The Host : One of the first Korean movies, I ever saw!

Year: 2006
Directed by Bong Joon-ho
Produced by Choi Yong-bae
Written by Baek Chul-hyun, Bong Joon-ho
Starring Song Kang-ho
Byun Hee-bong
Park Hae-il
Bae Doona
Go Ah-sung

 

The Host has the special distinction of being among the first Korean movies I ever saw in my life. Thanks to a special marathon hosted by the now-defunct G4, I had the delight of watching the film. I had no idea what I was going to watch besides the fact that I was watching a monster film. I expected a simple monster film but the teenage me was meant with a film that was more than its entire genre. After many years, I have gone back and purchased the film. To my pleasure, the film holds up it besides the, of course, the ugly truth the CGI of the film has aged pretty horribly. But the Korean special effect industry isn’t as extensive and not to mention CGI has made notable leaps in recent years.

 

 

 

What makes The Host so special it is so much more than just a monster film, the typical monster film just focuses on the monster and the mayhem it creates and the journey for the characters to escape or defeat the monster. And doesn’t dare to go beyond that simple structure. That is also the blueprint of this film, unlike those films this film is willing to overstep the boundaries of its genre. Almost in a certain way, the monster aspect merely serves as a backdrop to greater themes and dynamics of family drama, black comedy, satire and social commentary. Perhaps the monster itself is the best representation of this social satire, the monster being the result of the overreaching influence of the American government on the South Korean government and on even South Korea itself. Bong Joon-ho’s special brand of black comedy lends the film a unique ambiance that separates the film from most monster films. Bong Joon-ho’s cynical outlook paints the film with a satirical brush which makes the film seem self-aware of its overused tropes but more importantly makes the political and social commentary of the film more hard hitting. Not to mention, it prevents the film from becoming too cheesy or overly sentimental such is the case often when a family drama is at the forefront. Speaking of family drama: the strength of the family drama is depended on its core cast of character. Monster films seem to have two types of characters an elite group of soldiers and scientists or a close-knit family, the Host has the latter kind. If weren’t for the solid cast of The Host, the family drama would be sorely lacking. The cast isn’t what you expect them to be, instead of the overly heroic kind and typical loving family, the family in the Host is a heavily flawed one, individuals who are prone to violent outbursts and emotional moments, but this element gives the characters a more ”realistic edge”. Characters which seems to be a natural fit for the satirical flavor of the movie. Perhaps using the word ”satirical” a couple of times might make you think this movie is somehow a goofy comedic parody but nothing could be further from the truth; the subject matter of the social commentary and Bong Joon-ho’s stylish black comedy keeps it from being such. The Host is a film that can be viewed with many different lenses but those just looking for a simple monster film where a broken family is looking for a missing family member will be delighted with a solid offering.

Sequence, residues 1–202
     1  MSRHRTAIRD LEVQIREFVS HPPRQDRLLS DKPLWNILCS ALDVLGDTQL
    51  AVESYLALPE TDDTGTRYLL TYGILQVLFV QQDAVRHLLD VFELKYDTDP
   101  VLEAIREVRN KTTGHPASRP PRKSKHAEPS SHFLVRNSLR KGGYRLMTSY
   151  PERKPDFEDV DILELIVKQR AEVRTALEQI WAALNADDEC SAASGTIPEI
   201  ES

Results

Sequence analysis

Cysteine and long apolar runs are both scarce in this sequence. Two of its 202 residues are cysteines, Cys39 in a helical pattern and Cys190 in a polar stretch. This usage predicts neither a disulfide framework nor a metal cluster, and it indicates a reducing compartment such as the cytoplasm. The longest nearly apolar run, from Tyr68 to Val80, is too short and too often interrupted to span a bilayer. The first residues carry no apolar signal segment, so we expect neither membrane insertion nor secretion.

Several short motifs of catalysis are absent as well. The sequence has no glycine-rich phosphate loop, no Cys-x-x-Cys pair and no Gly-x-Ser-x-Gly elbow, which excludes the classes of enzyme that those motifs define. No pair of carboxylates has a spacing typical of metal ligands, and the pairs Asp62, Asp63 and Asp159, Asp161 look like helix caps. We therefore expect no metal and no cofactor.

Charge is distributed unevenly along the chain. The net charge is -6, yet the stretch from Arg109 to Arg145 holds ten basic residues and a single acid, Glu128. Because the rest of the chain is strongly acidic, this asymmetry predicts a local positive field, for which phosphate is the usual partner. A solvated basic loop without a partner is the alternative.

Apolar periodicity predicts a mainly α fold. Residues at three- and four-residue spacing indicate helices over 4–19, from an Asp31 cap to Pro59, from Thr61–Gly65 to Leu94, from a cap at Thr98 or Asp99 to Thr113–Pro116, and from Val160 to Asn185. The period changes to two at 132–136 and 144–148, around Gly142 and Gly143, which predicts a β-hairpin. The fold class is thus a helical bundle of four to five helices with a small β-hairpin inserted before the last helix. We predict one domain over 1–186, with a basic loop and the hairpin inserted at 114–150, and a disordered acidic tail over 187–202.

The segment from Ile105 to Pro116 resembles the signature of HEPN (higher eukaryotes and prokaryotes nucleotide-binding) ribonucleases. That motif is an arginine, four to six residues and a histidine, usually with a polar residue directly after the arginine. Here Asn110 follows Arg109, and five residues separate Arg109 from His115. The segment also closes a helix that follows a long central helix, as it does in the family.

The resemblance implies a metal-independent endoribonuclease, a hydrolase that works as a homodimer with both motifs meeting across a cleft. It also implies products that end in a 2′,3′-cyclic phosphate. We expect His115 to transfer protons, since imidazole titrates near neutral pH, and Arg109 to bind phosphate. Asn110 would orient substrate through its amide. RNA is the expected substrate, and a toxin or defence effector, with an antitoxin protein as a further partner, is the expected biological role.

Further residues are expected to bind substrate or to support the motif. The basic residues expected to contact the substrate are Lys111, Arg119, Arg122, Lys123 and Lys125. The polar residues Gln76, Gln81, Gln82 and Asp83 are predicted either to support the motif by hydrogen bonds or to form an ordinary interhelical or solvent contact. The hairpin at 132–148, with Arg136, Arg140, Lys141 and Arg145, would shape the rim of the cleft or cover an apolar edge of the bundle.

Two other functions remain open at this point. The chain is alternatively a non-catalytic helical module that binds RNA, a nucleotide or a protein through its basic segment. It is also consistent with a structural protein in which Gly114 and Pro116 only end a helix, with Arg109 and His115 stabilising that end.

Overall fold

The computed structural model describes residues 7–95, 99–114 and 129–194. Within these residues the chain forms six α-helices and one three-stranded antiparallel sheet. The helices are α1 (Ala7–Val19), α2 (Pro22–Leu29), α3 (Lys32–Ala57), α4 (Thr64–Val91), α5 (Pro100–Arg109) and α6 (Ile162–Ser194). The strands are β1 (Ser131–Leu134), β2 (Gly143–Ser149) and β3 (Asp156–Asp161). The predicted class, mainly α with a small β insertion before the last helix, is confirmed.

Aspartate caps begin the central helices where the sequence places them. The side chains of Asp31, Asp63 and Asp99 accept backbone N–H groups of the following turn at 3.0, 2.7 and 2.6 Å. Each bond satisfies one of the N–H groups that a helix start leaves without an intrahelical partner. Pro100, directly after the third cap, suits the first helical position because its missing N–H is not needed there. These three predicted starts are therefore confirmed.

This review was used on IDMB where it was posted on   February 10, 2017, before being moved here.

 

 

 

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